Other than that, everything else is not needed for photoshop. Vid cards are not limited in 2d. You just need ram, processor and HD bandwidth.

Are you sure you want an Athlon? I recall that image manipulation is the one area where Intel beats AMD because these algorithms are usually heavily optimized for Intel’s CPUs.

You are correct up until AMD released their X2 processors. AMD finally can compete in this area now.

See some benchmarks at


PS…I am not set on an AMD processor. I just have an AMD processor now.

David are you a CPA?

Also I would say check out the 10k raptor drives they are fast as hell.

Yes, I am a certified public accountant.

I have seen those Raptor drives as well and they look like great performers.


The high end drives are good, but remember that a 0+1 setup with “slow” modern drives will beat the pants off any fast drive.

0+1 meaning the RAID configuration where you need 4 hard drives to provide redundancy and speed. Sounds good but complicated.


Well, not really. Good raid controllers come with good software. Set it up once, and then only worry about it again if it starts beeping (a drive died)…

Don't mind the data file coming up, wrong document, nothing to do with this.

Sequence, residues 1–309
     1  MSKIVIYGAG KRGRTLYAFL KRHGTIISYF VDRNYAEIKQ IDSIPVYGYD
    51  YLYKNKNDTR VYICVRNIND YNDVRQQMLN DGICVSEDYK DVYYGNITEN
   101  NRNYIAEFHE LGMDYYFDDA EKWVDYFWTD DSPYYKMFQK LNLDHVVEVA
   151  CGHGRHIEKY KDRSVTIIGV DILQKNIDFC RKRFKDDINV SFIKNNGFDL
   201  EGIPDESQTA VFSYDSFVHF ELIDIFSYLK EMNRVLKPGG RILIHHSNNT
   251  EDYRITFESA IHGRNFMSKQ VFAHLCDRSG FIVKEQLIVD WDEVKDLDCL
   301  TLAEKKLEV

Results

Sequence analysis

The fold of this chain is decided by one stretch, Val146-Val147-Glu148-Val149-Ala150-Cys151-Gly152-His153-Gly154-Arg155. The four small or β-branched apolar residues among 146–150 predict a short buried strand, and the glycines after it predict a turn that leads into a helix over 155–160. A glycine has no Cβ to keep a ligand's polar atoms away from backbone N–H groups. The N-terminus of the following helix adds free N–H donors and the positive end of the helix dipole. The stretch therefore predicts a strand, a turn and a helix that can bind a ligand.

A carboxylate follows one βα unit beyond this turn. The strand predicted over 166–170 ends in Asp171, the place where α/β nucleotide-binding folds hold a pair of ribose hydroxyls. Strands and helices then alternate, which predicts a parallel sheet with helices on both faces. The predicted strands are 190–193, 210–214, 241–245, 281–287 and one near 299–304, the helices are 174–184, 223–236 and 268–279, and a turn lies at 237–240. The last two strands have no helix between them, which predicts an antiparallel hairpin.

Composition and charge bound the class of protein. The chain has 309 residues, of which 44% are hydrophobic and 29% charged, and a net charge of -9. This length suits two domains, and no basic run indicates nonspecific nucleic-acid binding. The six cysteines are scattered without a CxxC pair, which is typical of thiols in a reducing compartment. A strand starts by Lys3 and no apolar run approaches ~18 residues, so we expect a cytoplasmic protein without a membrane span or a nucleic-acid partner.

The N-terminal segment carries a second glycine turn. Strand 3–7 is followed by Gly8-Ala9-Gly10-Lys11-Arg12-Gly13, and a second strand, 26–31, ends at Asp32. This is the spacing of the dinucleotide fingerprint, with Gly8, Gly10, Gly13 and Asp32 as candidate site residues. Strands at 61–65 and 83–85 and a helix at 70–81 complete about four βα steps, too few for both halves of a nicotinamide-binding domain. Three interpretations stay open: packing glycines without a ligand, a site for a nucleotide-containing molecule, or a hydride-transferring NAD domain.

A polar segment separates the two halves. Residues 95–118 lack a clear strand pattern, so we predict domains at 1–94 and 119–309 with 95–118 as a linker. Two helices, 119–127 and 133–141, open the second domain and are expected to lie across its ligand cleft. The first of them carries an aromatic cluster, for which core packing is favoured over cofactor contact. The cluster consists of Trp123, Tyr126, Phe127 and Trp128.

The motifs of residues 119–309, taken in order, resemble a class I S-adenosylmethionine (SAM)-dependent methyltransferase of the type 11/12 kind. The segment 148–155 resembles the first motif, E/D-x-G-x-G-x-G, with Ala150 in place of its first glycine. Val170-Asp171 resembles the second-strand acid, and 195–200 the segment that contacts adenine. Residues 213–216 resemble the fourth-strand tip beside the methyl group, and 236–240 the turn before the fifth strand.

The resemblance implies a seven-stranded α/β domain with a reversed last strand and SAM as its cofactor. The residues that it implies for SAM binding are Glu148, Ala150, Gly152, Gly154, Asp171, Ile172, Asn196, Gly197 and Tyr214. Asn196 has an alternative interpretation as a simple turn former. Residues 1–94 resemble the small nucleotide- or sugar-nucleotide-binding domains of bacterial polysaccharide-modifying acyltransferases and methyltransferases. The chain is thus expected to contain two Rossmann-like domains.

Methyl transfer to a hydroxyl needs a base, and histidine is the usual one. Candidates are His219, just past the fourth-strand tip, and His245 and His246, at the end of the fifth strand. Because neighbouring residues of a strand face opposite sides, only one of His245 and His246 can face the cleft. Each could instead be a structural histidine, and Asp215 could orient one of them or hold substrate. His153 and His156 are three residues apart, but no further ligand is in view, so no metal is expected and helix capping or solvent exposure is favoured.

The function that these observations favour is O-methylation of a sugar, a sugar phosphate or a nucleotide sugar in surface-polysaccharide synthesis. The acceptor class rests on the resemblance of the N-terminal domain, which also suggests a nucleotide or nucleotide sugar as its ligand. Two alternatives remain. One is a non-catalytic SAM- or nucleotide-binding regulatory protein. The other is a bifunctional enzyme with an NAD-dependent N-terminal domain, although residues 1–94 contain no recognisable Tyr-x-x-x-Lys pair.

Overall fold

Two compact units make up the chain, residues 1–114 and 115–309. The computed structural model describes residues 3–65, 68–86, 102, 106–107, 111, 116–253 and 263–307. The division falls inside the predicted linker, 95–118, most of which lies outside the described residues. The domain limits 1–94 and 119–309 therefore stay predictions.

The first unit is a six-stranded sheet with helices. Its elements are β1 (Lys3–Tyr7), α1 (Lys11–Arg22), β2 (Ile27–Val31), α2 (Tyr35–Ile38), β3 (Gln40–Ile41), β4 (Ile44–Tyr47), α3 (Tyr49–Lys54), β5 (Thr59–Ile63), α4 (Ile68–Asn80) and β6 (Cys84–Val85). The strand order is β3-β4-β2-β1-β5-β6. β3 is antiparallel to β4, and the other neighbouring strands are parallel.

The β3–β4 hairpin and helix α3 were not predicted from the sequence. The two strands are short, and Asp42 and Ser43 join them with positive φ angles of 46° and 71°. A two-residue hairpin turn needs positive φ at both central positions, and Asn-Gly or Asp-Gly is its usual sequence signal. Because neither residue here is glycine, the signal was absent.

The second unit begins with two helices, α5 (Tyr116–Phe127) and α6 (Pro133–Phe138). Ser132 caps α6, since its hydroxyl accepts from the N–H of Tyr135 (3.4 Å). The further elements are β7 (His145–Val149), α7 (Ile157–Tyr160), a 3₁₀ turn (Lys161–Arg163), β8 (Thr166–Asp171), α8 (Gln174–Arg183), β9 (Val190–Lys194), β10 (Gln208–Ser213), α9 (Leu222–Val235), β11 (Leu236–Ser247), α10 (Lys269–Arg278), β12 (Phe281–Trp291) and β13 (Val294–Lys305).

That gets you 600 gigs of space and it’s damn fast. You can also have 2 of the drives die at the same time (as long as they’re not both the same part of the stripe), and still keep your data.

It’s a great setup, and with what drives cost these days, it’s pretty cheap.

  1. Get a G5 Mac.

  2. Get dual CPUs or a multi-core chip.

  3. 4 GB of RAM is a minimum value. If her files are really huge, go to 6 GB.

  4. Set up two different striped raid partition to make Photoshop read/write faster.

Use the largest partition for the scratch disk.

Use the other for temporary storage for your works in progress. Once you’re done working with a photo, move it somewhere more permanent.

Thought about it, but we are sticking with the Windows world for now.


Weird. phpbb2 seems to have eaten a post. huh.

Anyway, I found some time and modified my semi-flippant post with information I hope is useful to you.

Adobe engineers have reported 40% speed gains in Photoshop by increasing RAM from 4 GB to 6 GB. On a Mac, it’s easy, because you just buy it with 6 GB and it arrives at your doorstep like that. On a PC, I think you can go up to 4 GB of RAM easily, but you have to jump through hoops afterwards. I’ve not looked at what it takes to get 6 GB of addressable memory on a WinXP box. Certainly there is some motherboard / Windows 64 combo that will get you there. I just have no personal experience with it.